Hubert Fichte: the poet in the ethnographer

Hubert Fichte in St. Pauli, Hamburg 1963.
Hubert Fichte in St. Pauli, Hamburg 1963. | Photo (detail): © bpk/ S. Fischer Stiftung/ Leonore Mau

German author and ethnographer Hubert Fichte is known for how deeply he immersed himself literarily in the worlds he wrote about. An interview with Diedrich Diederichsen about an exhibition series that has been created in the author’s honour.

Hubert Fichte was quite an all-rounder. An ethnologist and poet, he was one of the first pop writers, and a pioneer in new disciplines such as queer and postcolonial studies. But he stood out in particular for being different. Homosexuality, including his own, was a central component of his work – a novelty in the 1960s and 1970s. And while other writers held readings in bookstores, in 1966 Fichte read his novel Die Palette (i.e. the Palette) at Hamburg’s famous Star Club in St. Pauli, the same club where the Beatles were busy making a name for themselves at the time.  

In the early 1970s, Fichte visited several countries in South America, the Caribbean and Africa to engage in ethnological studies. When describing foreign cultures, he delved deeper than any other author at the time. Fichte wanted to do more than just observe; he wanted to understand.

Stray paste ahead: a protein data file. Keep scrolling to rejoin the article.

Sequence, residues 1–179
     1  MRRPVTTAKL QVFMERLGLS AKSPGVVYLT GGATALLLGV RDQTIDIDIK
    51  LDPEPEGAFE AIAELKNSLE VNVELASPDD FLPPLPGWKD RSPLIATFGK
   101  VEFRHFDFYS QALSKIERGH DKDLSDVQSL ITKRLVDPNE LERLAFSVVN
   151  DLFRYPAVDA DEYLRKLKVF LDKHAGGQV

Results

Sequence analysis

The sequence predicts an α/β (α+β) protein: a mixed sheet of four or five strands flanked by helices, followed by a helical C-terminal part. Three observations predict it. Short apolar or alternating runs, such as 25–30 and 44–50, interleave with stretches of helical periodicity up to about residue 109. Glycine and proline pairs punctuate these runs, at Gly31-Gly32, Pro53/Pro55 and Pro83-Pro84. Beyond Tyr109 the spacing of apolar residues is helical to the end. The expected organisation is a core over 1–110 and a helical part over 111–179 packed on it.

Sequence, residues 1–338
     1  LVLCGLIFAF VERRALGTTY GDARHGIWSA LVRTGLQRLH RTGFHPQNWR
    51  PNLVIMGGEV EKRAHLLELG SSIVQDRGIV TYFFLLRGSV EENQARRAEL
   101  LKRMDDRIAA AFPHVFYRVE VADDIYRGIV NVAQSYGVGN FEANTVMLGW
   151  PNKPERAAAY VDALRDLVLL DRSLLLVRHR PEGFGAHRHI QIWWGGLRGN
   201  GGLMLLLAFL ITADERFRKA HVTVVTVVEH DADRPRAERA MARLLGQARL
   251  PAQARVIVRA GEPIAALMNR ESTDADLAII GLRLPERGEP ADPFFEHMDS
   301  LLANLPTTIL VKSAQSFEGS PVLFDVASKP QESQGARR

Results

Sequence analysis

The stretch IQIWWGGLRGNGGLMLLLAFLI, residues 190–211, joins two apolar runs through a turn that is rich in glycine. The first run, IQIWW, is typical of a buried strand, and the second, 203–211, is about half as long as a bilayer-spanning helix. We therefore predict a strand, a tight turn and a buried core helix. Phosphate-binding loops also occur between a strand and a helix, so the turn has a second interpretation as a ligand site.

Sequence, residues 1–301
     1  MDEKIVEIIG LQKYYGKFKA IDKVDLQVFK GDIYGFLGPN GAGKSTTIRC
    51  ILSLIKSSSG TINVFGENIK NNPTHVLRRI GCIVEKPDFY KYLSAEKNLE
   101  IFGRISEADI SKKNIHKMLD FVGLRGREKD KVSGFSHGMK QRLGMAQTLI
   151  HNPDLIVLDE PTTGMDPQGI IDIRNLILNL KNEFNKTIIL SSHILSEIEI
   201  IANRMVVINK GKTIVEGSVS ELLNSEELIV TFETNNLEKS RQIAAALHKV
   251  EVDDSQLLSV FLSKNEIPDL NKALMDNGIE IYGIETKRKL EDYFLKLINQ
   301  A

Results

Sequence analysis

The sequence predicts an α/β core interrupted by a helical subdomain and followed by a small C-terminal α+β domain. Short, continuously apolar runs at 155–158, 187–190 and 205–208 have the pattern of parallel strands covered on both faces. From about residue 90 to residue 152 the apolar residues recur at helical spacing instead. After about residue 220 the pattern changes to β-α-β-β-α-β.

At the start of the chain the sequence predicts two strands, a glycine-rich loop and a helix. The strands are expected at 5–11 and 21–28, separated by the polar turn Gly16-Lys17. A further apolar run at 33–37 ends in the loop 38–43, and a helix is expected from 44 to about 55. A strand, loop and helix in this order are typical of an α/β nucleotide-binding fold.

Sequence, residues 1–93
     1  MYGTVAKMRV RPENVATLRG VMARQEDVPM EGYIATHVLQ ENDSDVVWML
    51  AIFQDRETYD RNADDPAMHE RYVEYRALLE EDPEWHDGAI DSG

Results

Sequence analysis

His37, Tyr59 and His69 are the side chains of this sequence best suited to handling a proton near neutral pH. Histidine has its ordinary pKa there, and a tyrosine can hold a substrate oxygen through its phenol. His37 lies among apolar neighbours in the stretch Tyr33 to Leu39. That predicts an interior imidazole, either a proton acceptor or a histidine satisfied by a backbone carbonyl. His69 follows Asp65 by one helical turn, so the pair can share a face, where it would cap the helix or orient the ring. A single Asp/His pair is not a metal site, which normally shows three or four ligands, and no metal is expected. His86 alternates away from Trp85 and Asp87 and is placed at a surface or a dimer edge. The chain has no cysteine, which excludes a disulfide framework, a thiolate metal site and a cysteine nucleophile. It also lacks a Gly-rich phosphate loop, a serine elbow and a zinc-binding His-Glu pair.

His experience from his travels also flowed into his most extensive literary work, the planned 19-volume novel cycle Die Geschichte der Empfindlichkeit (The History of Sensitivity). In 1986, when Fichte died at the age of 51, he had completed an impressive 17 volumes that were published posthumously. A series of exhibitions jointly organised by the Goethe Institut, the Haus der Kulturen der Welt (i.e. The House of Cultures of the World, HKW), German publishing house S. Fischer Verlag and the foundation of the same name is dedicated to this cycle. The exhibits look into how well the European traveller understood of the places he wrote about. The project is headed up by cultural scientist and author Diedrich Diederichsen and curator Anselm Franke.